Many people may be familiar with the term “ wrongful death,” but what exactly does that mean? The legal term is associated with a civil action in which damages are sought against a party for causing a death. It is important to note that this type of claim is different than a criminal charge or conviction for the same death. This type of legal action allows a deceased individual’s family members to recover compensation for their losses caused by the death and its impact on them. There are many incidents that could involve the untimely or wrongful death of a person. For example, a vehicle crash, construction accident, medical malpractice, or nursing home neglect or abuse can all cause fatalities.
Who Can Seek Damages for a Wrongful Death?
Depending on the situation, various relatives may bring a wrongful death claim against the negligent or at-fault party. Compensation can include damages for grief, loss of income, and mental anguish to the surviving family members. Damages are distributed by the court according to the relatives’ level of dependency on the deceased person based on the circumstances surrounding the case, which a judge will review.
The individuals who typically seek a wrongful death claim include:
- Spouse of the deceased
- Parent of the deceased (minor child)
- Adult child of the deceased
Specific documentation and evidence are typically required in these cases include medical records, police reports, witness testimony, death certificate, in addition to verification of a connection between the victim and the defendant.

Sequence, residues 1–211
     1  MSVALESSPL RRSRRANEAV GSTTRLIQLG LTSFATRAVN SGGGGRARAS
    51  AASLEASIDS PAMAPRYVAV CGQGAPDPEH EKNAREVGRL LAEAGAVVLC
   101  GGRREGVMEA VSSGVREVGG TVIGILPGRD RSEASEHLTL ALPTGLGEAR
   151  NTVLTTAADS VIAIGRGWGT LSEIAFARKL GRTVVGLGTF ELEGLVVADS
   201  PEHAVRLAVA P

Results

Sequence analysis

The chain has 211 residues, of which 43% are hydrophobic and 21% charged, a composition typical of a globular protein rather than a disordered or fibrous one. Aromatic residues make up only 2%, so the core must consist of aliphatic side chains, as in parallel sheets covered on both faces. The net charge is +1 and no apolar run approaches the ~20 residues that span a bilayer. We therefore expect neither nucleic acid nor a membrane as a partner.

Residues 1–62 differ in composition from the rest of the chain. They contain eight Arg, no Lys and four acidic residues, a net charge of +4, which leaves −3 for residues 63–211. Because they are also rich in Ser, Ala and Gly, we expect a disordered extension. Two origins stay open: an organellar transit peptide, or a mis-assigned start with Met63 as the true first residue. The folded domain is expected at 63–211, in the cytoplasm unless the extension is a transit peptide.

Illinois Laws Pertaining to Wrongful Death
In a wrongful death claim, liability for the accident will be declared through monetary compensation. This is unlike a criminal conviction, which would impose prison time or fines on an offender. According to Illinois law, a wrongful death claim must be filed within one year of the date of the person’s death, or whichever is the later based on the statute of limitations. Here are a four elements that must be proven in order to win this type of civil action:
1. Breach of Duty: One of the key factors in proving wrongful death is that the responsible party had a duty of care toward the victim. For example, a driver must obey the rules of the road and drive safely at all times. Otherwise, he or she may cause a fatal car accident. The plaintiff has to prove that the defendant’s breached this duty through reckless or negligent actions.
2. Negligence: The plaintiff must be able to prove that the defendant was careless or reckless, and his or her negligence resulted in the victim’s death.
3. Causation: Separate from the breach of duty, the plaintiff must be able to establish that the defendant’s negligence directly caused the victim’s death.
4. Damages: The plaintiff must show quantifiable damage generated as a result of the victim’s death, such as funeral costs, loss of protection, loss of inheritance or potential income, medical expenses, as well as pain and suffering.
Contact a DuPage County Personal Injury Attorney
Regardless of the victim’s age, an unexpected or premature death can be devastating to his or her family members. In certain cases, a negligent party may be held liable for damages to the victim’s loved ones. Filing a wrongful death claim can bring comfort to a family, but it can also be a complicated process. That is why it is critical to consult with a knowledgeable Wheaton wrongful death lawyer as soon as possible. Attorney David W. Clark, P.C. has more than 20 years of experience securing favorable outcomes in all kinds of personal injury cases. Call our office today at 630-665-5678 to schedule your free consultation.